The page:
fighting anti-semitism

Long Islanders join 25,000 in No Hate No Fear march in NYC


An estimated 25,000 marchers — including many from Long Island — assembled in Manhattan’s Foley Square Sunday morning, flooding the Brooklyn Bridge for hours as they crossed into Brooklyn amid chants of “No Hate, No Fear.”

At Brooklyn’s Cadman Plaza Park, they heard from community leaders and organizations who urged Jewish pride and unity in the face of escalating anti-Semitism.

“Today, we do not simply walk over a bridge, we begin building better bridges between all denominations of Jews, and between Jews and non-Jews,” said Eric S. Goldstein, CEO of UJA-Federation of New York said. “Building bridges means putting aside our differences, religious and political, and calling out anti-Semitism and all forms of hate wherever we see it. The purpose of today’s march is to loudly and publicly proclaim that an attack on a visibly Orthodox Jew is an attack on every Jew, an attack on every New Yorker and an attack on every person of good will.”

Among those attending from Long Island were the four women pictured on page 1 of The Jewish Star — Michal Weinstein, Rita Goldberg and Rachel Gottfried of Woodmere, and Sandi Gershowitz of Oceanside. They positioned themselves at the very front of the rally stage in Cadman Plaza Park, where they held politically-explicit homemade signs proclaiming “Jewish Lives Matter,” “Bail Reform is a Fail,” “BDS = Anti-Semitism” and “Anti-Zionism = Anti-Semitism.”

Yaacob Azancot, a college student who lives in Brooklyn, rode the subway with his family to Sunday’s event and found himself getting harassed. “On the way to the rally, we were getting off the train and someone pushed me with a lot of force,” he said. “I think it’s the kipah — being Jewish, being Orthodox. My brother was right next to me; he had his tzitzit out.”

Rabbi Uriel Vigler, director of Chabad Israel Center of the Upper East Side, said he was glad to see Jews from all walks of life together at the event, but added that there was more work to be done. “We have to be prouder Jews, and that has to establish itself in practical mitzvot,” he said.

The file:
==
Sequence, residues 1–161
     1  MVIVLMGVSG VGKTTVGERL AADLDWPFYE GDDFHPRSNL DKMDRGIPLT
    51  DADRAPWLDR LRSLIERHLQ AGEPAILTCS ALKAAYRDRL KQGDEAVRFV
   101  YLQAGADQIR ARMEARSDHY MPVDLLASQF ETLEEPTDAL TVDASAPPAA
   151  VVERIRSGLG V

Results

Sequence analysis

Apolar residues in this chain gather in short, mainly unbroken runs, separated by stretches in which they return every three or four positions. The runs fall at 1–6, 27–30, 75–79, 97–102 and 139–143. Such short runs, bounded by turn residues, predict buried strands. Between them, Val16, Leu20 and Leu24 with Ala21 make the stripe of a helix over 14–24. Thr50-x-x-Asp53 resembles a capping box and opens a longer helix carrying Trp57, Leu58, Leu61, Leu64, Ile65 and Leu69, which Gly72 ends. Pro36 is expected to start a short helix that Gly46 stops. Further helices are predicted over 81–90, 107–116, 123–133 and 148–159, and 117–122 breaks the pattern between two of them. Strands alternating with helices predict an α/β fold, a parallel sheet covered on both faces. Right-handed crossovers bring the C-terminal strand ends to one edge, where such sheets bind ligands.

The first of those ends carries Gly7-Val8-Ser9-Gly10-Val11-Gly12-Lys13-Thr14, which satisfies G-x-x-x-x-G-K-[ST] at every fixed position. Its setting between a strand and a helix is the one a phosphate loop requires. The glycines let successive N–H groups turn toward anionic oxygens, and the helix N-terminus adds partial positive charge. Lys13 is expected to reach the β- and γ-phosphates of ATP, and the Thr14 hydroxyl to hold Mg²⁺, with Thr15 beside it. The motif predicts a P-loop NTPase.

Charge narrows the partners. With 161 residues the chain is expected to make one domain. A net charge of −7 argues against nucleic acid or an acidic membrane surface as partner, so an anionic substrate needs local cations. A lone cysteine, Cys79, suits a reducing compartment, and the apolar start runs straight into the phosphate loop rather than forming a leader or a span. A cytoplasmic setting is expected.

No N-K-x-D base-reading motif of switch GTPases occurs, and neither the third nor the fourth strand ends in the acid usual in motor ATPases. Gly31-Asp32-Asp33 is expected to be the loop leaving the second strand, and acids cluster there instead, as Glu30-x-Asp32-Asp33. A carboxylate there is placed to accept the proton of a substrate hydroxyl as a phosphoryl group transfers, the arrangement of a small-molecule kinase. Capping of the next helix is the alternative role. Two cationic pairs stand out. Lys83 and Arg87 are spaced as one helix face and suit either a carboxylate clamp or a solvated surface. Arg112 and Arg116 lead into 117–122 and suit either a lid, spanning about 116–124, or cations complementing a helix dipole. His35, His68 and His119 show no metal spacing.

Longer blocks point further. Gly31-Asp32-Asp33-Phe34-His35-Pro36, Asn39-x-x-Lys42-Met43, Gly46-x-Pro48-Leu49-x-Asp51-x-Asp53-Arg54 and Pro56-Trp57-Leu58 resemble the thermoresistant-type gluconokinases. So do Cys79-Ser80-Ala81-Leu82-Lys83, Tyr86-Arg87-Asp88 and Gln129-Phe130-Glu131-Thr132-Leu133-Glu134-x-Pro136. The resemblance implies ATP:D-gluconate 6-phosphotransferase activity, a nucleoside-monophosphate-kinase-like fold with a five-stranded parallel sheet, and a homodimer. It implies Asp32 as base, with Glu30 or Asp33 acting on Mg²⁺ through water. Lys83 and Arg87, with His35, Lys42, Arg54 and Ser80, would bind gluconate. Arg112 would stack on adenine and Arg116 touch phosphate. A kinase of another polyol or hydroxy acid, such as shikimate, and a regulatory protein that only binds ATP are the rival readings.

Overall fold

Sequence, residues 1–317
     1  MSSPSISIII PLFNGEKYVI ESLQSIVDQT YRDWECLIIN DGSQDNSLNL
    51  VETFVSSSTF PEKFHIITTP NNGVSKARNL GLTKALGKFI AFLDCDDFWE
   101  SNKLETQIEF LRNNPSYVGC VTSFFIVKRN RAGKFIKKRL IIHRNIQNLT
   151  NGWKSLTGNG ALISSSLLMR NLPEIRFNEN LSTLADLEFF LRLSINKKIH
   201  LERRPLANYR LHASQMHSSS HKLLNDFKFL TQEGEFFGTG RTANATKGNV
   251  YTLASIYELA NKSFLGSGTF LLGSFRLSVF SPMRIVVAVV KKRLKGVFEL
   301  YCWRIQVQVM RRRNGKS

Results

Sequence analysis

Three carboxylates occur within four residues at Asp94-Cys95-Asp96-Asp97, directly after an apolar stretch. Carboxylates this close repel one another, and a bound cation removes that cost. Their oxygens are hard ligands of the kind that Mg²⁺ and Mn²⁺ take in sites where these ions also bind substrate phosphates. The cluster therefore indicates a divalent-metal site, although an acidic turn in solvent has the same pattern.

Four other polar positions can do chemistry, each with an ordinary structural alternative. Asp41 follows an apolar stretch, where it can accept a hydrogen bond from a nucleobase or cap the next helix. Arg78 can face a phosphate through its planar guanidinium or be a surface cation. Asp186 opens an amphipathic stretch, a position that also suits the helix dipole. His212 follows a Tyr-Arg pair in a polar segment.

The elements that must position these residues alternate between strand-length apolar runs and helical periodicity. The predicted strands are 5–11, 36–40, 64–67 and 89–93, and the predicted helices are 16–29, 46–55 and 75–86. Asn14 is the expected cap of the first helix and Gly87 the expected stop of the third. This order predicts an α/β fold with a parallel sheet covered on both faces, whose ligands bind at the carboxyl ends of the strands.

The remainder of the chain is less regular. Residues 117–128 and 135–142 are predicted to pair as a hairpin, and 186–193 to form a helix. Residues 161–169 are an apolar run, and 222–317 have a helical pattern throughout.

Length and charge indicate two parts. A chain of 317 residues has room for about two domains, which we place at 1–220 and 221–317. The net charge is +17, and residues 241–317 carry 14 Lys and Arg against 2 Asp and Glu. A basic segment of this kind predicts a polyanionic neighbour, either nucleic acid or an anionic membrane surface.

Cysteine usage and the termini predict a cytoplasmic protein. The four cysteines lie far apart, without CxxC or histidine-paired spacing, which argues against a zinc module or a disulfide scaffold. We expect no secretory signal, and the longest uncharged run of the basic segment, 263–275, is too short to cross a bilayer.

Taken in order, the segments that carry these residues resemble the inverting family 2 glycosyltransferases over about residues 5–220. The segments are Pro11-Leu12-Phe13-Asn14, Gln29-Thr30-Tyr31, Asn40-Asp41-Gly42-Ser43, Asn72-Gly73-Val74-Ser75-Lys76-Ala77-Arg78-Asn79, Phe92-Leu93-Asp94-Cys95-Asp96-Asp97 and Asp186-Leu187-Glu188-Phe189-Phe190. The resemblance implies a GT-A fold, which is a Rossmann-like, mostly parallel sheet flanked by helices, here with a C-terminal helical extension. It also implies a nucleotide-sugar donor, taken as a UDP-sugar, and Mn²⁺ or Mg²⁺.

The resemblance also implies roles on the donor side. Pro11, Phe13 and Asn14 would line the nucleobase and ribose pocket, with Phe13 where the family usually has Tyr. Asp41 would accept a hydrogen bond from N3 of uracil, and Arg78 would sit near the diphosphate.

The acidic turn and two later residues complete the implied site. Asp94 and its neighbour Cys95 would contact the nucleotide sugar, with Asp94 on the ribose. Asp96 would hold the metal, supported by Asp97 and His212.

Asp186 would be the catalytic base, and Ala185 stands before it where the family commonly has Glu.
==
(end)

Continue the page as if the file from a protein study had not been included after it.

Gregg Levine, who came with a contingent of 100 people from Cleveland, said, “We won’t tolerate this; we’ve got to stand together and fight this hatred.”

“If we don’t speak up, it’s going to keep happening,” said Sharon Fried, who came by bus from Washington, DC. “We have to speak up in numbers.”

It was also a learning moment, said Mindy Brittner, who came to the event with her husband, Jackson Nurmi, and their daughter, Willa. The family rode down to the event with a group from Manhattan’s Town & Village Synagogue on East 14th Street. “I’ve marched for everyone else in the past two years, and now it’s time to be there for my people,” said Brittner. “It’s all interrelated.”

In addition to coming to support the cause, Brittner said it was important to her to bring her daughter, all of 2 years old, with them, saying, “I want her to know it’s important to show up.”

Additional speakers and performers during the program included Eric Goldstein, Michael Miller, Devorah Halberstam, Jonathan Greenblatt, Gil Monrose, David Harris, Mehnaz Afridi, Janice Weinman, Janice Shorenstein, Frankie Miranda, Joe Potasnik, Bishop Anthony DiMarzio, Blake Flayton, Eric Ward, Chaskel Bennet, Rabbi Avraham Gopin, Shulem, MaNishtana, Lawrence Aker, Rev. Que English, Eli Cohen, Amy Bressman, Bari Weiss and Isaiah Rothstein, as well as a video message from Rabbi David Niederman of Williamsburg.                       —JNS